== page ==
Bernard Hodgson’s Trojan Horse Critique of Neoclassical Economics and the Second Phase of the Empiricist Level of Analysis
- Dennis Badeen
- … show all 1 hide
Purchase on Springer.com
$39.95 / €34.95 / £29.95*
Rent the article at a discountRent now
* Final gross prices may vary according to local VAT.
This article examines and assesses Bernard Hodgson’s critique of the Neoclassical concept of rationality and its place in the literature. It is argued that Hodgson’s Trojan horse critique is superior to the others because it addresses the role of empiricist epistemology in reducing reason to instrumental rationality and consequent disappearance of the human subject of political economy. The second phase of the empiricist level of analysis reintroduces the capacities for ethical deliberation, self-determination, and the socio-historical conditions and institutional setting of the economic agent. Because Hodgson’s solutions presuppose empiricist terrain, they are arbitrary. This occurs because the fundamental problem of Neoclassical rationality is its ontology. Yet by introducing the human subject into economic theory, Hodgson’s solutions move onto an ontological terrain adequate for economic analysis of human subjects.
- Arnsperger, C., & Varoufakis, Y. (2006). What is neoclassical economics? The three axioms responsible for its theoretical oeuvre, practical irrelevance, and, thus, discursive power. Post-Autistic Economics Review, 38, 2–12.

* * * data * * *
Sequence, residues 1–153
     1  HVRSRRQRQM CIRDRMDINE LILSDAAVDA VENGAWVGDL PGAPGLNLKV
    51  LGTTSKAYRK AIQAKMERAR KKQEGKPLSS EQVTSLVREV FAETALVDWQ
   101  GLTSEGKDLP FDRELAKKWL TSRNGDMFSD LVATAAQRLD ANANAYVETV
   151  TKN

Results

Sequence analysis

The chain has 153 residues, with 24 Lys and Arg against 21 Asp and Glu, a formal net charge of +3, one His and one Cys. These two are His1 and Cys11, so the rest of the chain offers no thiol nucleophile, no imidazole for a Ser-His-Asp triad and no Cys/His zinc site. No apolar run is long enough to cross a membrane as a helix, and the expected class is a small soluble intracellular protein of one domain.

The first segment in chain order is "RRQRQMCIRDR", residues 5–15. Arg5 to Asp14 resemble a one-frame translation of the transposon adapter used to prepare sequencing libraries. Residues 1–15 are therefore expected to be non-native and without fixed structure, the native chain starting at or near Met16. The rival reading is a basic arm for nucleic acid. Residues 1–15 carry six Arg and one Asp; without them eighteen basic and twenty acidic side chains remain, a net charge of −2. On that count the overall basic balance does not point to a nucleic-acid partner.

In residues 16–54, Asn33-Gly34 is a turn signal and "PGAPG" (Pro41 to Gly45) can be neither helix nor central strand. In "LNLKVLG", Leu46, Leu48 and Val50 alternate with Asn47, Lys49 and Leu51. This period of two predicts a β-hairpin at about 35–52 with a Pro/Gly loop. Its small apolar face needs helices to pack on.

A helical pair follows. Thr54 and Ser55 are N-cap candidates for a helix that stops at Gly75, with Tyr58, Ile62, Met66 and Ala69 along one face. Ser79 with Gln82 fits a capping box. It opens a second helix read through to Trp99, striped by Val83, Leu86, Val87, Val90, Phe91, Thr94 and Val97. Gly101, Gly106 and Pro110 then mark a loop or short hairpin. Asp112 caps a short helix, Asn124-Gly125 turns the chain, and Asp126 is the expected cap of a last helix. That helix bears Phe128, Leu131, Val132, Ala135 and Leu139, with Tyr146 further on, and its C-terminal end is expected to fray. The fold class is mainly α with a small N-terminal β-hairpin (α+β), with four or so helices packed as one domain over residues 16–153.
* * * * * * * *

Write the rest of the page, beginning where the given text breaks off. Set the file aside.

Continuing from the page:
- Badeen, D. (2004). General equilibrium theory as normative ideal social order. In B. Hodgson (Ed.), The invisible hand and the common good (pp. 183–204). New York: Springer.
- Elster, J. (1983). Sour grapes: studies in the subversion of rationality. Cambridge: Cambridge University Press.
- Hausman, D. M., & McPherson, M. S. (1996). Economics analysis and moral philosophy. New York: Cambridge University Press.
- Hodgson, B. (2001). Economics as moral science. New York: Springer.
- Hodgson, B. (2007). Logical positivism and the Vienna circle. In C. Boundas (Ed.), Columbia companion to twentieth century philosophy (pp. 98–115). New York: Columbia University Press.
- Hodgson, G. (2001). How economics forgot history: the problem of historical specificity in social science. New York: Routledge. CrossRef
- Hume, D. (1985). Treatise of human nature. New York: Penguin Books.
- Lawson, T. (1997). Economics and reality. New York: Routledge. CrossRef
- Lawson, T. (2003). Reorienting economics. New York: Routledge.
- Sen, A. (1985). Commodities and capabilities. New Delhi: Oxford University Press.
- Sen, A. (1987). On ethics and economics. New York: Basil Blackwell.
- Winslow, E. (1994). Atomism and organicism. In Geoffrey M. Hodgson, Warren J. Samuels, & Marc R. Tool (Eds.), Elgar companion to institutional and evolutionary economics (pp. 11–13). Brookfield: Aldershot.
- Bernard Hodgson’s Trojan Horse Critique of Neoclassical Economics and the Second Phase of the Empiricist Level of Analysis
Journal of Business Ethics
Volume 108, Issue 1 , pp 15-25
- Cover Date
- Print ISSN
- Online ISSN
- Springer Netherlands
- Additional Links
- Neoclassical economics
- Trojan horse
- Industry Sectors
- Dennis Badeen (1)
- Author Affiliations
- 1. York University, Toronto, ON, Canada